Fiber length and concentration: Synergistic effect on mechanical and cellular response in wet-laid poly(lactic acid) fibrous scaffolds

Academic Article

Abstract

  • © 2018 Wiley Periodicals, Inc. In the area of biomaterials, fibers not only offer increased mechanical response, but also serve as an extracellular matrix mimicking morphology to direct cellular attachment and proliferation. While biologically similar in morphology, soft, and flexible hydrogel materials have low mechanical properties. For applications in tissue engineering, the lack of directional cues and attachment regions within the biogels is undesired as cells require a guide for adequate attachment and organized proliferation. In this work, we have investigated the role of poly(lactic acid) (PLA) fiber length and concentration as a reinforcement phase in a gelatin hydrogel matrix and the resultant mechanical and cellular responses. With increasing fiber length and concentration, the ultimate tensile strength, modulus, and toughness increased for the samples. Similarly, for shorter fiber lengths, the loss and storage modulus increased with fiber concentration. After seeding human mesenchymal stem cells (hMSCs) onto the neat fibrous scaffolds it was found that the fabrication process imparted no cytotoxicity. Furthermore, it was the concentrations and lengths of fiber both caused discernable differences in cell viability at the extreme values. Fibers of all lengths, when in a 4.0 wt % concentration, had a decrease in cell viability after 10 days while the 12.7 mm fibers showed a similar response at 2.0 wt %, but all stayed about 90% viability. With increased incubation time, hMSCs became elongated with increased proliferation. These results indicate that the wet-lay process is a rapid and scalable method by which fibrous 3D-scaffolds can be produced to reinforce hydrogel matrices. © 2018 Wiley Periodicals, Inc. J Biomed Mater Res Part B: Appl Biomater, 107B: 332–341, 2019.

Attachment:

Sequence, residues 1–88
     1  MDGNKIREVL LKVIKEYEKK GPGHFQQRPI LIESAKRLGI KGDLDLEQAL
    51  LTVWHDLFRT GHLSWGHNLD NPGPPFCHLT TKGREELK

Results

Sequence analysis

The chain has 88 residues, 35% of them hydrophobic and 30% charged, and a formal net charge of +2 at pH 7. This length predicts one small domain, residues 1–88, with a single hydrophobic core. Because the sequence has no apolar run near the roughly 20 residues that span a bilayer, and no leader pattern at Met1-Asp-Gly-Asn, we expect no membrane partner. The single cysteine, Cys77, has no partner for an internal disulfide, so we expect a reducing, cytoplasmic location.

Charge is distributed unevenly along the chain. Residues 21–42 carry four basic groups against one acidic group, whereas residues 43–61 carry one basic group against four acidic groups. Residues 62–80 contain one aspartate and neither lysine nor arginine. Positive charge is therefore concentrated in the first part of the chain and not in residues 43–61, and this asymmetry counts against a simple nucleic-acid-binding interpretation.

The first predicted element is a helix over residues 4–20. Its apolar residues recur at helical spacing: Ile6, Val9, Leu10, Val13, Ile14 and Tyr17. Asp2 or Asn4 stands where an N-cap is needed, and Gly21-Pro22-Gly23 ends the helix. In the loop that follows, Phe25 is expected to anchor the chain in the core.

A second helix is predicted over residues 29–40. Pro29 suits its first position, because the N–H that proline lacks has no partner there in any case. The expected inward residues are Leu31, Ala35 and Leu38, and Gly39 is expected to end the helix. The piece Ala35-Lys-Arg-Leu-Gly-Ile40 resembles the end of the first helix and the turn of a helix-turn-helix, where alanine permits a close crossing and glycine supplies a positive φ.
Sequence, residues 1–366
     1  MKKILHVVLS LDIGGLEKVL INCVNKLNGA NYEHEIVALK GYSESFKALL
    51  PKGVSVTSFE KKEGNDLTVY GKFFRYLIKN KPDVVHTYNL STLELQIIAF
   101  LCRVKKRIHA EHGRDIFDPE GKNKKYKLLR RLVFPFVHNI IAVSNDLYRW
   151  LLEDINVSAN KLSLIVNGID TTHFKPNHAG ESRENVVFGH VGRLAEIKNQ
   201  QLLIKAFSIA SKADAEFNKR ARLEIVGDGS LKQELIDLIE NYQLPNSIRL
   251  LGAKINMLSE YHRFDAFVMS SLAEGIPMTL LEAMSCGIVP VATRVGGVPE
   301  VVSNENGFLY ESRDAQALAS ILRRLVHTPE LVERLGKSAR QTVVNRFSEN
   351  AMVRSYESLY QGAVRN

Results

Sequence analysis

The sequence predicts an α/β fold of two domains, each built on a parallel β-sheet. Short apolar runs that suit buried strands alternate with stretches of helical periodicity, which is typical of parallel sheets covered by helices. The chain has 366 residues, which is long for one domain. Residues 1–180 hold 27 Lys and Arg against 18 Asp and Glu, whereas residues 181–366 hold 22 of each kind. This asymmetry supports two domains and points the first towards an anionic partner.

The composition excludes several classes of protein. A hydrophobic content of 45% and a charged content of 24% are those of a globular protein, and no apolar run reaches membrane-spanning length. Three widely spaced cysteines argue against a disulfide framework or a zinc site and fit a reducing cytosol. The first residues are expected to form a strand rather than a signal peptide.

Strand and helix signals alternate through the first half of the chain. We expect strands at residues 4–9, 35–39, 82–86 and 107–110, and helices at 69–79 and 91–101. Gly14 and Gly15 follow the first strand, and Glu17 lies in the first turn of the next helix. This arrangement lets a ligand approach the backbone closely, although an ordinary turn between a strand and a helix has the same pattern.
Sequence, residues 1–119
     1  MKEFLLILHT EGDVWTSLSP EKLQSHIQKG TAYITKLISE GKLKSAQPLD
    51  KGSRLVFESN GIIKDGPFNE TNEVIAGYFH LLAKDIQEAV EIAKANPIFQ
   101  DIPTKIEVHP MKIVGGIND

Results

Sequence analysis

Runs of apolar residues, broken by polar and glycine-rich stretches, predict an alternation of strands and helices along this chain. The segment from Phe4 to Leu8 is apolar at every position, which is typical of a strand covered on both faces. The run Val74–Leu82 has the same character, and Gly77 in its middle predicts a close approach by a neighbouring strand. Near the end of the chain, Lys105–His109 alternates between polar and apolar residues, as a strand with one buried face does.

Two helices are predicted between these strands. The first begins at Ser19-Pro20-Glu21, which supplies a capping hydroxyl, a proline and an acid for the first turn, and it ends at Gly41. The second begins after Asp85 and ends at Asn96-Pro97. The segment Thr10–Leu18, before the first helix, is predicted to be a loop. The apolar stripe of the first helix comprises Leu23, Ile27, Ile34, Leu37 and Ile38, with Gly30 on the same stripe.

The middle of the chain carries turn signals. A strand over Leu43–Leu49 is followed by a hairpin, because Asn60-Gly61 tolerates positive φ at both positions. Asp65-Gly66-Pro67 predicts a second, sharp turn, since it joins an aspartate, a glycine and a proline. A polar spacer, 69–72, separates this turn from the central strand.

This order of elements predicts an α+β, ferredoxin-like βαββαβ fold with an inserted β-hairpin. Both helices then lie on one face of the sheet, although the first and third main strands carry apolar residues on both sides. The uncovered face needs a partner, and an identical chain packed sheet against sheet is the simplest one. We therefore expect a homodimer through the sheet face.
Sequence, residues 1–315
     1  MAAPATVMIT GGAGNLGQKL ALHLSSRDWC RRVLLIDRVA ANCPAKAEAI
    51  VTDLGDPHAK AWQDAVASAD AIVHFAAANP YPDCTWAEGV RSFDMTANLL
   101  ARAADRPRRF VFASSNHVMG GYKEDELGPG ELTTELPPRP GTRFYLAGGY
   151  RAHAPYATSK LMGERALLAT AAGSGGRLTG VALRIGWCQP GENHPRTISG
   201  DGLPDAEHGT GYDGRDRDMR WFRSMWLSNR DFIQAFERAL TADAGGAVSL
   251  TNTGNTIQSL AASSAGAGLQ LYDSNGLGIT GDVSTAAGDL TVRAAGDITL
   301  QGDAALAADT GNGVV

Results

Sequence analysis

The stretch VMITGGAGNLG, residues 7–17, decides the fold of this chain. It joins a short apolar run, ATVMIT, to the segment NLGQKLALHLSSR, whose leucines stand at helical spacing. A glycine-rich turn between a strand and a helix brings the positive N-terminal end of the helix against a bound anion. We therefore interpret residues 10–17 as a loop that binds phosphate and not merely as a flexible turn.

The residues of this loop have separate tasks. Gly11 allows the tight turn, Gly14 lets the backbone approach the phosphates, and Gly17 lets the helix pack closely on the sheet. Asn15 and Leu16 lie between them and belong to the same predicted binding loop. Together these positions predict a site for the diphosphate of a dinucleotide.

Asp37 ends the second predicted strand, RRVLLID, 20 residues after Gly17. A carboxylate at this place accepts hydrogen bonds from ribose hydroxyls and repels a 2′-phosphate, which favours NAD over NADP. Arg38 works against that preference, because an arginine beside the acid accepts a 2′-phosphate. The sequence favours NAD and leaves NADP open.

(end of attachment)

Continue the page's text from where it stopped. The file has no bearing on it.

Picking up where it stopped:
• Authors

    Digital Object Identifier (doi)

    Author List

  • Wood AT; Everett D; Kumar S; Mishra MK; Thomas V
  • Start Page

  • 332
  • End Page

  • 341
  • Volume

  • 107
  • Issue

  • 2